12.17.2007

TS - 04/18/2006 Questions swirl around standoff shooting

TS Questions swirl around standoff shooting 04/18/2006
The Times-Standard Rhonda Rael
Article Launched: 04/18/2006 04:30:00 AM PDT

EUREKA -- Coroner Frank Jager may call a public inquest to help answer the many questions about why a SWAT team shot and killed a mentally ill Eureka woman after a brief standoff Friday.
”It's something I'm considering,” Jager said Monday of the death of 48-year-old Cheri Lyn Moore. She was shot numerous times when officers entered her apartment and saw her with a weapon, likely a flare gun.

The Times-Standard has already received numerous letters criticizing police for killing Moore, who reportedly was distraught and had not taken her medication. Friends said she always became depressed around the birthday of her dead son.

Moore was killed after a standoff of about two hours. She had been yelling and tossing items out of her second-floor apartment window above Heuer's Florist.

Police said they were unable to contact Moore during the standoff. But one onlooker speaking with her by cell phone was told not to talk to her any longer.

During a standoff in Eureka in 1997, police blocked off streets in Old Town and waited 24 hours while convincing a mentally unstable man to leave the apartment where he was barricaded. That man, Aurelio Chacon, was armed and making threats.

Jager said he believes that as more information comes out, people will realize police acted reasonably when they shot Moore.

”My sense is there won't be a question about whether the shooting was justified,” he said. “The questions will be why they went in when they did and whether they could have used other means of force.”

He said the officers in charge during the standoff “are real level-headed people.”

But because of public concern, Jager and his staff are discussing whether to call a coroner's inquest, a rare proceeding in which a jury decides whether a shooting was justified. The jury's finding is a recommendation and not legally binding. Jager called an inquest in 2000 after a Eureka police officer shot and killed an armed man in a parking lot. The jury found the shooting was justified. During that inquest, details were made public that had previously been withheld.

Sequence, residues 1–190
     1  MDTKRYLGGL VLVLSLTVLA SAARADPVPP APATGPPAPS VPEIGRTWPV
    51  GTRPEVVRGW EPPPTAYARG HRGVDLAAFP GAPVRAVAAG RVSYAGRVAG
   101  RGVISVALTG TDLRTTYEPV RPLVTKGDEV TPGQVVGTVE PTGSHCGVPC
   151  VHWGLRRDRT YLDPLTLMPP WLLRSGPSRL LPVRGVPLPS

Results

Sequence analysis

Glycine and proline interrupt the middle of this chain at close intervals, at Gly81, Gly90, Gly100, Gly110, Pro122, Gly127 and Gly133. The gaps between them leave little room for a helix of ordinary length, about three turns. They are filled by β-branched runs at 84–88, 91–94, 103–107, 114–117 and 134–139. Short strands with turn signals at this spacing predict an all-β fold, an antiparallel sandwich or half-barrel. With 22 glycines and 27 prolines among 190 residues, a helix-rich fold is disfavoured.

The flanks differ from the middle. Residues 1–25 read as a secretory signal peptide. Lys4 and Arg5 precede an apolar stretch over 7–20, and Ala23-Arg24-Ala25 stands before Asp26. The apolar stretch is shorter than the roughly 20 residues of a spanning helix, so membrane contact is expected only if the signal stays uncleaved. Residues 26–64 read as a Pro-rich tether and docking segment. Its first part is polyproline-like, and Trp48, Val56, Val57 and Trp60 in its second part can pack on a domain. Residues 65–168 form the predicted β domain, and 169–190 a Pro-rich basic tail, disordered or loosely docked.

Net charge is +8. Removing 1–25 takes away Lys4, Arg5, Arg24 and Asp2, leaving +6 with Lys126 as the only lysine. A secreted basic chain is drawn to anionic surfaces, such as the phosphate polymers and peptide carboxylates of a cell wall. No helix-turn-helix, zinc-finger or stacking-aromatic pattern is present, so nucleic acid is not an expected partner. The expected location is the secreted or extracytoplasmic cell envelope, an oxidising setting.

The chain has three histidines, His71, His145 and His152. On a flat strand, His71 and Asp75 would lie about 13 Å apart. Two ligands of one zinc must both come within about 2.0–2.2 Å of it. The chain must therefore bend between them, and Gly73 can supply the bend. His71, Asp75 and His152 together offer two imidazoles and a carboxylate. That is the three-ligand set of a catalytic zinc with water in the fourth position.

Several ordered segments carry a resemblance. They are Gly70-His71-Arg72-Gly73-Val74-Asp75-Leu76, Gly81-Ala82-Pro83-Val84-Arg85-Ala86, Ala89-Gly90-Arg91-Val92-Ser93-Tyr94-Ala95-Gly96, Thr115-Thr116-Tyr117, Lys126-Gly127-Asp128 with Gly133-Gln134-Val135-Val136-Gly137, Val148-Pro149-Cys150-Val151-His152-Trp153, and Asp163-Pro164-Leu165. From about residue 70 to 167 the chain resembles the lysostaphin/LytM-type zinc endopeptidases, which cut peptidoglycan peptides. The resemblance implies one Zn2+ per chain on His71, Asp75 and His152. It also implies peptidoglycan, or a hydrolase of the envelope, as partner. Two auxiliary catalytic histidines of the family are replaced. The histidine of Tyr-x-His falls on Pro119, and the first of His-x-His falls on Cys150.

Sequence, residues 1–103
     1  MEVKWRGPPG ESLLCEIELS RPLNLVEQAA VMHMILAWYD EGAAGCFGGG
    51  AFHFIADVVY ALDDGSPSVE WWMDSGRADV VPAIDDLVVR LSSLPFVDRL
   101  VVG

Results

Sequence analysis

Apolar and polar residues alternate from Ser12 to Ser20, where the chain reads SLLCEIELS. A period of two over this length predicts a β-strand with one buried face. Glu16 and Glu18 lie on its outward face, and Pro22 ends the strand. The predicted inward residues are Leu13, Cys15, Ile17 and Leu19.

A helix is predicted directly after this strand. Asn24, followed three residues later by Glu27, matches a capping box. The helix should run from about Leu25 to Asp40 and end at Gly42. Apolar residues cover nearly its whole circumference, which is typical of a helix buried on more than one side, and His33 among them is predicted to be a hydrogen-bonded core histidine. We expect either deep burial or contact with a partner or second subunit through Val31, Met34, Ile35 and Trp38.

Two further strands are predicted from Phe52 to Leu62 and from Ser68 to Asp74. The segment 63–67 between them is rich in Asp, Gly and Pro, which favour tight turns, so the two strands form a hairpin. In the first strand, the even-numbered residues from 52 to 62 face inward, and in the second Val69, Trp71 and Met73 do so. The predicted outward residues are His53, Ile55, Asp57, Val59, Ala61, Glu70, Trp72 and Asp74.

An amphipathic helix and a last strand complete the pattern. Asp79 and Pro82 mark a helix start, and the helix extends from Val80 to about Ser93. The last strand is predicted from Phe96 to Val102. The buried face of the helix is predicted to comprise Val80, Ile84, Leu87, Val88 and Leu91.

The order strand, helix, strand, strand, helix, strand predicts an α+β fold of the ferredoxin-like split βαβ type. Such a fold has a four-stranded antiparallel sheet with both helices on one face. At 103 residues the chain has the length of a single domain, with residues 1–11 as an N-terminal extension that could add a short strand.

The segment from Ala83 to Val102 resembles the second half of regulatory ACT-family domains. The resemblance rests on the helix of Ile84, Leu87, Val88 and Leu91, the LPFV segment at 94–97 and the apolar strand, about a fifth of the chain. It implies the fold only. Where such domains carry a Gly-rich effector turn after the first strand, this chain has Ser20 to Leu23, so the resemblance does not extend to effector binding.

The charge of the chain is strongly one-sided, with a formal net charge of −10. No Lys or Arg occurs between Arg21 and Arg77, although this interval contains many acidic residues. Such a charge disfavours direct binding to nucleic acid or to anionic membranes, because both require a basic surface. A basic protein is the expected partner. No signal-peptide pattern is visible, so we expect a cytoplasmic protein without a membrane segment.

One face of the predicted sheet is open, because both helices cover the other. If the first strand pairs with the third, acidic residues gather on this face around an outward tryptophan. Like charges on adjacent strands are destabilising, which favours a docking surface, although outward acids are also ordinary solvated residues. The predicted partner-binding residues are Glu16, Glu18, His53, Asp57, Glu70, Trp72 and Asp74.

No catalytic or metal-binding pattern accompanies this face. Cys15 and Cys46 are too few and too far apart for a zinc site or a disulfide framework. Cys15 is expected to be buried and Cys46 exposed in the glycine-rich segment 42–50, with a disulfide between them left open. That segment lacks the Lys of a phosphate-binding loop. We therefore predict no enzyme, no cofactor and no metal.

”There were a lot of questions in the (earlier) case,” Jager said. “I think this is similar.”

Eureka police were issuing no new information Monday, other than to say the involved officers are on administrative leave and the investigation continues.

Jager said Moore's body was taken to Redding on Monday afternoon, and an autopsy was set for this morning. Some preliminary information was expected by late today.

The investigation is being handled by the Critical Incident Response Team, consisting of investigators from the District Attorney's Office, Sheriff's Department, state Department of Justice and Coroner's Office.

District Attorney Paul Gallegos stressed Monday that community members can be assured of an independent, impartial review.

”We certainly realize our obligation to the community and we will carefully look into this fairly for all parties,” Gallegos said. “And unfortunately that takes longer than what some people would like who want instant answers, so we certainly ask for some patience in that regard, and some understanding.”

Gallegos said two of his investigators have been assigned to the investigation and worked through the weekend.

”We have to determine first of all whether (the shooting) was a use of lawful force,” Gallegos said. “If it's found to be unlawful, was it criminal? Our first priority is to see if any crimes were committed. That's what we're looking for.”

In recent history no Humboldt County district attorney has determined a police-involved shooting was a crime.

”It's going to be difficult no matter what we decide,” Gallegos said. “You make your decision and you live with it, and we will.”

He urged anyone with information on the incident to contact his office.

Both Gallegos and his political challenger, senior prosecutor Worth Dikeman, said this incident does not justify forming a citizen review board to scrutinize local police.

Gallegos said as long as the district attorney is independent, no review board is necessary. And Dikeman said the county does not need “another level of bureaucracy” when there is a solid system already in place.

That system includes peer review, the grand jury, the coroner's jury and possible civil action, he said.

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